Only water drought resistant plants while establishing them. Most drought tolerant plants require weekly watering during establishment year. In the second year only once and only in summer will do. During the establishment year a well mulched plant with a large root ball (this too is relative) will need watering once a week, while others may need it more than once a day if drooping. This is all very vague information for which feeling and experience are required, and its certainly beyond an irrigation timer’s brain. No wonder people overwater if they are able to.
Once established you can water drought resistant plants once a month without harming them. In very well drained soil, the more water demanding ones can get by with watering once a week. Gradually reduce watering as winter approaches. I found that due to my plant choices, of really hard drought tolerant native plants, that after the first year I did not need to water at all. Even my fellows doing the horticultural certificate did not believe this was possible. They are educated into an irrigation and imitation of English gardens mindset, and setting up irrigation systems is a big money spinner for a gardener. I hope things have changed, for the good of the country. Truly, as Gildemeister (1995:70) says, overwatering is more common. In California the lawns are overwatered with double the amount of water they need. Considering the contribution of garden watering to drinking water consumption it’s a disaster in the making.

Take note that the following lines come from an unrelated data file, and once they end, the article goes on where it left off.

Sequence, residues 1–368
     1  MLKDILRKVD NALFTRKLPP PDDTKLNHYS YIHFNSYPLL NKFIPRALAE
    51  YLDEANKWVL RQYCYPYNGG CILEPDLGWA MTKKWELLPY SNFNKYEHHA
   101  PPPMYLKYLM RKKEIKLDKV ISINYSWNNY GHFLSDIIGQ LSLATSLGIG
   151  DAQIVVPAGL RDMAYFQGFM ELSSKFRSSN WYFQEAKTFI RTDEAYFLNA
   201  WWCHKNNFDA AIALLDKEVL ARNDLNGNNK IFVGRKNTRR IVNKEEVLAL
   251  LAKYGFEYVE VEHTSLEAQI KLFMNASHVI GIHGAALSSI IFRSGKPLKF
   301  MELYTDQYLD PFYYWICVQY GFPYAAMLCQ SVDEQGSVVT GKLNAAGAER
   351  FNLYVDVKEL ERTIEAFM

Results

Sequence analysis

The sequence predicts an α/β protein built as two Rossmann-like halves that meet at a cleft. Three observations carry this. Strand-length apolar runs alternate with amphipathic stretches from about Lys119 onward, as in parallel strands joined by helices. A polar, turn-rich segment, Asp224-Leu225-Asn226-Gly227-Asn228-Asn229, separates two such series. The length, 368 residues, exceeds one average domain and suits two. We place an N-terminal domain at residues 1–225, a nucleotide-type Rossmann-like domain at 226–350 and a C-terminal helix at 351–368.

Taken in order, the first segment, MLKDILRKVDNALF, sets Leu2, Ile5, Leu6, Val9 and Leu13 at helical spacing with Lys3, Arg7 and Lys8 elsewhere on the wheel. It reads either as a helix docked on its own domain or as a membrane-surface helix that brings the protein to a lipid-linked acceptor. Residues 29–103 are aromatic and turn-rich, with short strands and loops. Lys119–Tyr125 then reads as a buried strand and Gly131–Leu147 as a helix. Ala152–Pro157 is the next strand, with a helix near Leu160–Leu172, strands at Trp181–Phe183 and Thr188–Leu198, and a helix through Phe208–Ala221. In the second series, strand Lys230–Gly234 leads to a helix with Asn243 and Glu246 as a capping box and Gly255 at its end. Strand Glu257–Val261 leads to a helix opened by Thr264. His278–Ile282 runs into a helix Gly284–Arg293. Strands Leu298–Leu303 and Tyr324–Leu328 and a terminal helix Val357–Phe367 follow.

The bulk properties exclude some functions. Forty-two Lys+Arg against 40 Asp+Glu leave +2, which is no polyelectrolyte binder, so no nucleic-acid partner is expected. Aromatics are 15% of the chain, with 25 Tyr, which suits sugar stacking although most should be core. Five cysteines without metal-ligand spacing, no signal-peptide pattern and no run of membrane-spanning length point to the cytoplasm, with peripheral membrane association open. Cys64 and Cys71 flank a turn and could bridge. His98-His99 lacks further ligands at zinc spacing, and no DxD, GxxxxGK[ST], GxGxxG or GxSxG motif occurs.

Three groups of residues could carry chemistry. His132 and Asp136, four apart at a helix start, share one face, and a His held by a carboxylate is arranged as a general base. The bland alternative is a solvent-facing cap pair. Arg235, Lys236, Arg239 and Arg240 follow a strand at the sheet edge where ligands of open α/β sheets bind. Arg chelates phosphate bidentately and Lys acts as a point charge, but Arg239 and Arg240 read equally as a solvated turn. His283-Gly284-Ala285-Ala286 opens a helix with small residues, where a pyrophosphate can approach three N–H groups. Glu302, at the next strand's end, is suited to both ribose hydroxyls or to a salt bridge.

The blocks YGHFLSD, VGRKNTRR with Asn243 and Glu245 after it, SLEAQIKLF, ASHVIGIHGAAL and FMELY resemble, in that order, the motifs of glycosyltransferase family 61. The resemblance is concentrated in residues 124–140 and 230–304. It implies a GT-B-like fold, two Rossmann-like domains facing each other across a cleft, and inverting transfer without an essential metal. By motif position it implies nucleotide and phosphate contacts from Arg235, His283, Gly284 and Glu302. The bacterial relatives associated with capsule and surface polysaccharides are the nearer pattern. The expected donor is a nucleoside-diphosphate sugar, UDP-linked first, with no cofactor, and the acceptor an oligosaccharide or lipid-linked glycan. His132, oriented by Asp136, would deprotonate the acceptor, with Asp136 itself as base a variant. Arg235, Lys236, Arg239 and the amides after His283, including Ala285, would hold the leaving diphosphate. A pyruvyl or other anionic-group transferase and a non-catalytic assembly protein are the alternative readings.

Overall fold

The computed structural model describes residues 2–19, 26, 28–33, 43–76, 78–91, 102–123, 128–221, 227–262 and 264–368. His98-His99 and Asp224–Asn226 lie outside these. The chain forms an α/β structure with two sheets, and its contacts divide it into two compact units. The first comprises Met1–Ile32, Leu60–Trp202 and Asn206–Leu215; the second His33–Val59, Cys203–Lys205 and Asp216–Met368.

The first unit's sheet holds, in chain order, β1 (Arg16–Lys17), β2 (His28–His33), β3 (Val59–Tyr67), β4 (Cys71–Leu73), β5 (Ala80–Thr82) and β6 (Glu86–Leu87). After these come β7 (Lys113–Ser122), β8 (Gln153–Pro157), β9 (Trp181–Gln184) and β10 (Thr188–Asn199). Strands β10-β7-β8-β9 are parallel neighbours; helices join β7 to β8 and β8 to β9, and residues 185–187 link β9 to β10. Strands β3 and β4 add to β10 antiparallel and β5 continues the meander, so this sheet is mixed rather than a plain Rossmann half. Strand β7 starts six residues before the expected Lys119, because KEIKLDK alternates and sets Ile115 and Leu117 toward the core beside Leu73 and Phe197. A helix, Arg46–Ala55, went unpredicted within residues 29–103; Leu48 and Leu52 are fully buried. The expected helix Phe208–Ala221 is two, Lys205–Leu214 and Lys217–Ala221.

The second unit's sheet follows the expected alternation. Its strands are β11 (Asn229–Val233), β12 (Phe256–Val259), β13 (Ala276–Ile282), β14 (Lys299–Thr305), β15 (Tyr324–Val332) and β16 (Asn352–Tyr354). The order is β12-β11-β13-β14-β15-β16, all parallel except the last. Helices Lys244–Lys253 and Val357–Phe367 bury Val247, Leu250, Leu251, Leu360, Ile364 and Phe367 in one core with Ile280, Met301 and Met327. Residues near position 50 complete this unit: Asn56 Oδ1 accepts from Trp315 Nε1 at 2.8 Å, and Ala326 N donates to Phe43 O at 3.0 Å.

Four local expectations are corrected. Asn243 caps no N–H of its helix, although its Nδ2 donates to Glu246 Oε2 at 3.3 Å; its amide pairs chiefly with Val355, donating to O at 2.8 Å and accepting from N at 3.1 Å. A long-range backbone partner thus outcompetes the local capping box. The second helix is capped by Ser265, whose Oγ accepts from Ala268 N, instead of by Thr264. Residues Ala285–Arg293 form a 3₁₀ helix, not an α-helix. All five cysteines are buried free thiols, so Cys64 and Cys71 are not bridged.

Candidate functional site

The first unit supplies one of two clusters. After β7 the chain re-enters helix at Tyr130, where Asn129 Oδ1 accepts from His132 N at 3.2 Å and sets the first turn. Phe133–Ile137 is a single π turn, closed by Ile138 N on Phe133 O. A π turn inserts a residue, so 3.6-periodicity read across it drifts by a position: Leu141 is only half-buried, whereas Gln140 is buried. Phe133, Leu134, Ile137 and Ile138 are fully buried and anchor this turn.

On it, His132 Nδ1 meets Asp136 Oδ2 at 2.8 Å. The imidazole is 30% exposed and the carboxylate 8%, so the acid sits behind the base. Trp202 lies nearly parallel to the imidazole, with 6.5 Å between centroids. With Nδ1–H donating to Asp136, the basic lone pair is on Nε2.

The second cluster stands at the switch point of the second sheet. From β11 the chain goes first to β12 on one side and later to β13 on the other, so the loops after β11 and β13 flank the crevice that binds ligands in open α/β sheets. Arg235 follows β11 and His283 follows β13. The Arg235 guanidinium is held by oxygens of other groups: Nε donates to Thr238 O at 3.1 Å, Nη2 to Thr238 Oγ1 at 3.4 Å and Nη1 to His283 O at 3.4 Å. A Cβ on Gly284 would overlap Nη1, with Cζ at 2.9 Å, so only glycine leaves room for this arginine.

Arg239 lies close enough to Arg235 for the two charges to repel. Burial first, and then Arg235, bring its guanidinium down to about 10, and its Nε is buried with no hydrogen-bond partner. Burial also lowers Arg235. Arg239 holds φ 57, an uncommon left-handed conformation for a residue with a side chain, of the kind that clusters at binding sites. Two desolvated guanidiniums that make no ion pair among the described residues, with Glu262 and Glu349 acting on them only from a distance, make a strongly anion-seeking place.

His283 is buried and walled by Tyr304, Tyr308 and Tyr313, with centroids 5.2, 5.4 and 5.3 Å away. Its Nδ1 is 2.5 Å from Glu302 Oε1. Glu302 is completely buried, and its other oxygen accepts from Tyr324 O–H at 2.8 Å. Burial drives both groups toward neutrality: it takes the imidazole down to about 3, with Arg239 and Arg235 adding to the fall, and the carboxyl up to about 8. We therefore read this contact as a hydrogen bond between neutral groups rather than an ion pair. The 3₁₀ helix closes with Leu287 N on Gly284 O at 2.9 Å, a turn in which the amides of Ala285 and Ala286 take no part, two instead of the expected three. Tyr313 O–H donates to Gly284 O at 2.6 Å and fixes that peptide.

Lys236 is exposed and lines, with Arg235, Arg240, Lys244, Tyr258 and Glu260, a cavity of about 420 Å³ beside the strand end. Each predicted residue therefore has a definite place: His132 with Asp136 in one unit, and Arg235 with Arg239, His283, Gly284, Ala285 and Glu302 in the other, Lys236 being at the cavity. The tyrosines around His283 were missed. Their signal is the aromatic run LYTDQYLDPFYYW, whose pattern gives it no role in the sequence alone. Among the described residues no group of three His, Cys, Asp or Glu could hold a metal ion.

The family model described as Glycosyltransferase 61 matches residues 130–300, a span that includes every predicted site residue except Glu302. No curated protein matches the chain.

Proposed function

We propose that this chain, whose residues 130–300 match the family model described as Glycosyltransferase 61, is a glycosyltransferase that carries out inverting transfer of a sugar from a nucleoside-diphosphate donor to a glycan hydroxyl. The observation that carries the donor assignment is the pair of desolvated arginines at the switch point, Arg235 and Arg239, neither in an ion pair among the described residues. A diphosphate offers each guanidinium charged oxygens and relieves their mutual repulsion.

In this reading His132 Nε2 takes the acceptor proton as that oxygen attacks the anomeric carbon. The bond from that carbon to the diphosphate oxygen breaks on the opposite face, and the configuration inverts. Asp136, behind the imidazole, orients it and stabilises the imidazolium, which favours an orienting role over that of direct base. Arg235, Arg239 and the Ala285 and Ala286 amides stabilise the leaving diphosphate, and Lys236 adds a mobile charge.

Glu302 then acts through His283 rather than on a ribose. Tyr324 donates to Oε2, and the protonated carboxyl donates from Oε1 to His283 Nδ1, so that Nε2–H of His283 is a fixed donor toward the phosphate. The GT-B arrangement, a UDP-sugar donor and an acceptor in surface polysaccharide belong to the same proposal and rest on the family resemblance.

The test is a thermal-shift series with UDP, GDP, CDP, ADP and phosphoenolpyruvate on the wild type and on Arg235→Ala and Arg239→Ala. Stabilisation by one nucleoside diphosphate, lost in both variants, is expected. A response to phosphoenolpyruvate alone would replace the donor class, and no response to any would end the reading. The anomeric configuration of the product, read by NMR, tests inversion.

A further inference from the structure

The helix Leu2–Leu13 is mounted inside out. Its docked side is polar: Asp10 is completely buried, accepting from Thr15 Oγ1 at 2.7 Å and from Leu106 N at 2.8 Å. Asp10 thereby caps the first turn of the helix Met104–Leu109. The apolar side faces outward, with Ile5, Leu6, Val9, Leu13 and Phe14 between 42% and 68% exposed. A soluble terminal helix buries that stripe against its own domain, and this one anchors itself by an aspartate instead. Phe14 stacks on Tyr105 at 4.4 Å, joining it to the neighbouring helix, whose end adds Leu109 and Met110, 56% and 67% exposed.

Gildemeister’s (1995:70) watering instructions are extremely insightful. Water thoroughly, when you water, and allow the soil to become moderately dry between waterings. Water slowly because dry soil repels water and it will all run off somewhere. Pre moisten the soil once or twice before the big soak with a light watering and then go to the heavy watering half an hour later. Also water planters, pots and containers very slowly, they have established routes or cracks in the soil through which excessive water runs rapidly before the soil moistens and swells. Make watering basins around the drip line of trees and bushes and fill them twice in a row. Make the rings larger for demanding plants. Fill the rings with soil as the plants become established. They should continually be enlarged as the edges of the basin y spread the roots outward. Let ditches bring rain water to areas covered by dense leaf canopy.
fullbody immersion in 12 L
dishes and food
By hand watering, Gildemeister means watering with a garden
hose rather than irrigation. I would mean watering with a can. It is a question
of scale. Watering my tiny garden with a hose would be extremely wasteful,
unless the hose was for emptying the gray water barrel.
If you have a larger garden and you are using a garden hose, it should be low pressure. Move it around the periphery of the plant, encouraging root growth outward, and deep penetration due to the soaking, while also soaking around neighbouring plants. Water upslope from plants. Water rocks if they drain onto surrounding plants rather than watering the soil around the rock.